Avoid This Common Exercise Mistake — Your Knees Will Thank You!

Are YOU making this common exercise mistake?

You might not even realize that you are!
It may seem insignificant, however the positioning of your knee actually has a HUGE significance on your knee health and function; additionally it can be an indication of muscle weakness in the hip girdle.

Knee awareness

It’s important to pay attention to your knee movement and position during lower-body resistance training exercises (lunges, squats, step-downs, etc) and with seemingly simple and automatic tasks like walking up or down stairs. Your body is very adaptable, so you need to recognize and train proper form and movement patterns in order to have correct body mechanics and prevent pain and/or injury while on the trail.

Demonstration of correct and incorrect knee alignment during lunge movement.

Your knee should track over the middle of the foot (2nd/3rd toe region). If you notice that your knee “caves in” during exercises, this can be a sign of a weak gluteus medius muscle.

gluteus medius muscle

The gluteus medius muscle (located on the outside of your buttock/hip region) plays a vital role in stabilizing the hip and providing proper tracking of the knee. When this muscle is weak it causes the knee to track inward, which creates excessive stress on the knee joint. Activating and strengthening the gluteus medius muscle can help restore proper movement of the knee and reduce or eliminate knee pain.

Even if you don’t experience knee pain with exercise or hiking, it’s still important to train this muscle to prevent future issues from arising.

Take action — your knees will thank you!

It takes both conscious awareness and physical efforts to restore and maintain proper movement patterns about the body, especially when muscles are fatigued or weak.

  1. Watch for your knee(s) “caving in” during exercise. If you notice this happening, you’ll want to take corrective action during that movement so as not to train improper form. NOTE: When utilizing proper form, the exercise may initially seem harder, but that’s the point — you are working to strengthen the weak muscle.
    • Don’t compromise form to achieve more reps. STOP the exercise anytime that you notice proper form deteriorating. Doing more squats with bad form will do more harm than good.
      • Do you need help learning and mastering proper form? Work with a certified personal trainer at your local gym, or enroll in my HIKE-ABILITY Training Program to get full access to an extensive, instructional video library of exercises that include helpful cues, tips, and options to modify/progress any exercises to meet your current level of fitness.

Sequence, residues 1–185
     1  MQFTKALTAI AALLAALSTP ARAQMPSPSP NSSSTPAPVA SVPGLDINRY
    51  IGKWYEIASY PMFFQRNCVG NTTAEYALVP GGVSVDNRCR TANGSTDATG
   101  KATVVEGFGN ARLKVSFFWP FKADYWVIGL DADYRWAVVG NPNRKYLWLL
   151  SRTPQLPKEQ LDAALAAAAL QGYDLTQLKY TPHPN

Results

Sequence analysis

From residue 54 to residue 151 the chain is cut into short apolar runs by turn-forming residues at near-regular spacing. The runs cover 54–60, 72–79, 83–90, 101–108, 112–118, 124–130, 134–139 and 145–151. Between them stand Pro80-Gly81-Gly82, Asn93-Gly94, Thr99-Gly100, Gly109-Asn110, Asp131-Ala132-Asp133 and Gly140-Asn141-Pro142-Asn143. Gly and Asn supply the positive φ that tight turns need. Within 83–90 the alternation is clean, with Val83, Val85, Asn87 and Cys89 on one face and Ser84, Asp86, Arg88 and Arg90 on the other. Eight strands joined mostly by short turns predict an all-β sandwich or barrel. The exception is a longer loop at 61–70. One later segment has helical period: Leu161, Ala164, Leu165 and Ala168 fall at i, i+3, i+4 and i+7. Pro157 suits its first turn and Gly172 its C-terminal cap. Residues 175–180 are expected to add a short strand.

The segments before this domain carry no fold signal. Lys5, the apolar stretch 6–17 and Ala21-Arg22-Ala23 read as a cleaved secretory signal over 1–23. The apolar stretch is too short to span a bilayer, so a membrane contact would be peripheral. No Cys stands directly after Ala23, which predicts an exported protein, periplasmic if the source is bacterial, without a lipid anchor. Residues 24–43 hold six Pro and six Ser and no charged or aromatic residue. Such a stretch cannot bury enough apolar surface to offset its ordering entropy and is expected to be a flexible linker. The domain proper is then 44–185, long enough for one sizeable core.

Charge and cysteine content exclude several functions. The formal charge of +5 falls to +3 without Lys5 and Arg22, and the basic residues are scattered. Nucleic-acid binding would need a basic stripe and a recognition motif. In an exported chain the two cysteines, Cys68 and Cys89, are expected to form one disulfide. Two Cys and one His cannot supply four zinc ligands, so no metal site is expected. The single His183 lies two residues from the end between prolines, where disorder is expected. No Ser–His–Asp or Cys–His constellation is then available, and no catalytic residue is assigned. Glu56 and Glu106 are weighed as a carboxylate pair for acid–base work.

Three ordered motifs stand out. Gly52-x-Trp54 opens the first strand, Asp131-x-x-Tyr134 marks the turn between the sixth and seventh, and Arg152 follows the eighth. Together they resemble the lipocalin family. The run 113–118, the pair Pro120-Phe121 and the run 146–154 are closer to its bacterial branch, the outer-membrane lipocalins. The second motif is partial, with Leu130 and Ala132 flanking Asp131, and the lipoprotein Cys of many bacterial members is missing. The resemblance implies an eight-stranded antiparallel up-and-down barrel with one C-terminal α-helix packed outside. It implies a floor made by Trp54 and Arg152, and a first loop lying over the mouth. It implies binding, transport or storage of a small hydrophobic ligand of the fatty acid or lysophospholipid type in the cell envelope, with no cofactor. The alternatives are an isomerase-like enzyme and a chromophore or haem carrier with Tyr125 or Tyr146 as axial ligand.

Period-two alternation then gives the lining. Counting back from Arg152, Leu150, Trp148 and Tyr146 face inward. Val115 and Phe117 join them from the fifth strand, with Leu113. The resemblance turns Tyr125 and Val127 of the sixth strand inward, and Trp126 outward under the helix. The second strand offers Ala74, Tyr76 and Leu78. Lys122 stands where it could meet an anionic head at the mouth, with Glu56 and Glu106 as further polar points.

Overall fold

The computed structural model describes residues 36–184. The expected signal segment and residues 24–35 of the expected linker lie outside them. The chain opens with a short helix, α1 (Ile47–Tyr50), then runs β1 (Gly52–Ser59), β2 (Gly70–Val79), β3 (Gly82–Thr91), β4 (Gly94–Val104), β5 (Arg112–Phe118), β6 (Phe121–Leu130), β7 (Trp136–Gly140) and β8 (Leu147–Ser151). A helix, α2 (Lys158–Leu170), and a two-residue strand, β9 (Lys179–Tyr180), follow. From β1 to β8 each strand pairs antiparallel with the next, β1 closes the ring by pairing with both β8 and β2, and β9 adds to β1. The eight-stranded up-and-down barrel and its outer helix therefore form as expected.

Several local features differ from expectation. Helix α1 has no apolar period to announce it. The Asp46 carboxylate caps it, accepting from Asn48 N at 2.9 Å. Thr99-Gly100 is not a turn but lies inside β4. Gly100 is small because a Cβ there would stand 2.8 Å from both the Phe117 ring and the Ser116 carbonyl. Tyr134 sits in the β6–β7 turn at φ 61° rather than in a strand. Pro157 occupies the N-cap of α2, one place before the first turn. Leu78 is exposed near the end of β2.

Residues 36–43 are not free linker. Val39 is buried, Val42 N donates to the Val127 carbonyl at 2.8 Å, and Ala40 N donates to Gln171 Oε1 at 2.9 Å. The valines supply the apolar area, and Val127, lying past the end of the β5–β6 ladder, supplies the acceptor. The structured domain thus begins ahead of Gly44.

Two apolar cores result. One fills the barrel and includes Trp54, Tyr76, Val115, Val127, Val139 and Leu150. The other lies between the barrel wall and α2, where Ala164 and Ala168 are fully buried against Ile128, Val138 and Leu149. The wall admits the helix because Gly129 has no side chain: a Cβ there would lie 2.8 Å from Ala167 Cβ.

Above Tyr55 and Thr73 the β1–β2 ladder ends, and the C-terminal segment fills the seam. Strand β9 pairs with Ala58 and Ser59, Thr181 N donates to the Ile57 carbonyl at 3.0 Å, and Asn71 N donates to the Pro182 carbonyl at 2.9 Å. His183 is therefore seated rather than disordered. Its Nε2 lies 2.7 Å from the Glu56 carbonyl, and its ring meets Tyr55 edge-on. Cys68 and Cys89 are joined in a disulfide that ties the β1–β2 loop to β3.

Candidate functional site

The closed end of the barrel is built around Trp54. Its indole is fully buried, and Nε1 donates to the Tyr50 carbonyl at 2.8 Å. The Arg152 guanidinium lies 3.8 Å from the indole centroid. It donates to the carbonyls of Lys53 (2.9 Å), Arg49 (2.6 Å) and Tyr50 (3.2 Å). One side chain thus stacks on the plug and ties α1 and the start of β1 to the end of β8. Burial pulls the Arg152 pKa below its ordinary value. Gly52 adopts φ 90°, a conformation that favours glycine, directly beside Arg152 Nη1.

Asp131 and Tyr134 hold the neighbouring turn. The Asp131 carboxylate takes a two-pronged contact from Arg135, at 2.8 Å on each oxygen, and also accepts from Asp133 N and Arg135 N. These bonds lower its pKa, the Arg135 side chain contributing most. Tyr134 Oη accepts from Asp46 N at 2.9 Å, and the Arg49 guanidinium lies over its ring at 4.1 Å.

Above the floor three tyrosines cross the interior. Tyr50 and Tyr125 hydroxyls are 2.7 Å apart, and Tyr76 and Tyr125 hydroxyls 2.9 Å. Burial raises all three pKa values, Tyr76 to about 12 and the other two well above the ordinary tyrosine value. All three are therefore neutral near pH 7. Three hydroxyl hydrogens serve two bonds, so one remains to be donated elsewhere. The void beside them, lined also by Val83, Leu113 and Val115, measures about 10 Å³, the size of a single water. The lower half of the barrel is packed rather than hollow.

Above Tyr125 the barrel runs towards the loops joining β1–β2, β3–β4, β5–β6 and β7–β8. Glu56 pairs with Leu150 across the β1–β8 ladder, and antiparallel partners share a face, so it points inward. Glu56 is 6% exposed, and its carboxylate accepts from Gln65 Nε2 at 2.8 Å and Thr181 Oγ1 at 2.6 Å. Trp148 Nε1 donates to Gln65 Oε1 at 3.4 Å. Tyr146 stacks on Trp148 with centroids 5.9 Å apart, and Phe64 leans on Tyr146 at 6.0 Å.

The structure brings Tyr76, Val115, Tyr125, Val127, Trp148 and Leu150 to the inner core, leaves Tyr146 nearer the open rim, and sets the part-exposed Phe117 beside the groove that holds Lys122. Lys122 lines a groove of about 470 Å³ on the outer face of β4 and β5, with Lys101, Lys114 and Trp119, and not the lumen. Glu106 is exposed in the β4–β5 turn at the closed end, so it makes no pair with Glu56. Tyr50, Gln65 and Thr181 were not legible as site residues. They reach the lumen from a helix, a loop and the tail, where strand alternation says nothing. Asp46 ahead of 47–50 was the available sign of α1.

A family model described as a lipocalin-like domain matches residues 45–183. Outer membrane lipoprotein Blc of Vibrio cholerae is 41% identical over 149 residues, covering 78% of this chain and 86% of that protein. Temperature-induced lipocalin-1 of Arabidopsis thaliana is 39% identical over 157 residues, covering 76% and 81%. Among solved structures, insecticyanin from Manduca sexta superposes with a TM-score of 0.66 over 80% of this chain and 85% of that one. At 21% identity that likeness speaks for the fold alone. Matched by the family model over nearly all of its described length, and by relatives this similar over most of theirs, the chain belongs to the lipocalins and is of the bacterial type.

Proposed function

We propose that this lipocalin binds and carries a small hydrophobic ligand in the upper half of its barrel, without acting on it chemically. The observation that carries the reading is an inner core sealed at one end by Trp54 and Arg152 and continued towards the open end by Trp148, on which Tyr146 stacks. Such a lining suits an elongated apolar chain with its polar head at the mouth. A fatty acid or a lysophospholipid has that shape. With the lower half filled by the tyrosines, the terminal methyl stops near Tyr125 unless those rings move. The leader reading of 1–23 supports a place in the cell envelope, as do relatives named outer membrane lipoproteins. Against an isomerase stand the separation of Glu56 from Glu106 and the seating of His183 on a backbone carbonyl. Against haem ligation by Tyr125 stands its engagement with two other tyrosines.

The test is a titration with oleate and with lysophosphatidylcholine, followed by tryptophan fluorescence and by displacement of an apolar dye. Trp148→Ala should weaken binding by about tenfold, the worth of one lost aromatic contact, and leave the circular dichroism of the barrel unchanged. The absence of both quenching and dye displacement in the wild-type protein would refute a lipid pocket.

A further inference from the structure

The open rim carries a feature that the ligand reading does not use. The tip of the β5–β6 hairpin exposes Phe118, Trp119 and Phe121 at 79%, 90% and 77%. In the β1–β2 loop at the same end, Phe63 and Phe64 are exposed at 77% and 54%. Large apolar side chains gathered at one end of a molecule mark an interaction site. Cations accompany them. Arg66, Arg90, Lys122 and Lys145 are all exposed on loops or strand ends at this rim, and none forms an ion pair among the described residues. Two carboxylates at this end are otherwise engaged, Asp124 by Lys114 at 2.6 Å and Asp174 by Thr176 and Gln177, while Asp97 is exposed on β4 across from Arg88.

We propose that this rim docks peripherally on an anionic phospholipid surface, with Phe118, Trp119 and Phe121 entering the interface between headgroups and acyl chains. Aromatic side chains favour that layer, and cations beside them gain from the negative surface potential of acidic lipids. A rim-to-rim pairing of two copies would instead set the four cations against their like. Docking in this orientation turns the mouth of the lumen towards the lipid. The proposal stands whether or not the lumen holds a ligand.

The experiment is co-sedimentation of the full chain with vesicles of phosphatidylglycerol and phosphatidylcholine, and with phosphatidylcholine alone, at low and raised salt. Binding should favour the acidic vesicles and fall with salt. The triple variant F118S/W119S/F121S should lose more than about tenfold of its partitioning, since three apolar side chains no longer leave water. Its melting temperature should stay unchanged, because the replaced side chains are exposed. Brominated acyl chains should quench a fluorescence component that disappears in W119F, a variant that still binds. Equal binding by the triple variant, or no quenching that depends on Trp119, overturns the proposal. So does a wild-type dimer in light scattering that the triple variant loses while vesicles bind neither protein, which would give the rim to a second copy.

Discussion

2. Start by regularly performing specific exercises, like the Clamshell or Leg Lifts (pictured above) to isolate and activate the gluteus medius muscle. Then, incorporate additional exercises to strengthen all of the muscles that surround the knee joint to further stabilize the joint and protect it from pain and/or injury.
    • If you’re interested in fully “trail-proofing” your knees and want to know which exercises activate and strengthen all the muscles you rely on for hiking, enroll in my HIKE-ABILITY Training Program.

Self-assessments:

Walking Lunge Test: (Evaluation of knee alignment during motion.)
Watch your knee alignment as you lower into the lunge position and as you push up to standing. Does your knee “cave/track in”? Also, pay attention to any imbalance/asymmetry from side to side.

Trendelenburg Test: (Evaluation of hip girdle stability/gluteus medius weakness.)
Perform this in front of a mirror, or ask somebody to watch or video you from behind.
Stand feet hip-width apart. Transfer weight to left leg and raise the right knee up to bring the right foot off the ground. Notice the position of your hips relative to each other and note any leaning of your torso. (Repeat the test on the other side.)

Share in the comments below the results of your self-assessments, and if you found this information helpful as you go about your training for this hiking season. Also be sure to sign up for my Hiking Fitness Newsletter, and check out my other blog articles relating to this topic The Importance of Strength Training, Restoring Proper Muscle Activation, and PAIN… a “Four-letter Word” that Doesn’t Belong on the Trail.

Adventure awaits… be ready for it!

Kristen, CPT and creator of the HIKE-ABILITY Training Program

Disclaimer: All information, content, and material (including associated text, videos, and links) on this website is provided in good faith and is for informational and educational purposes only. It is not intended to serve as a substitute for the consultation, diagnosis, and/or medical treatment of a qualified physician or healthcare provider. All exercise has inherent risks. Before beginning any type of exercise, please consult your health care provider.

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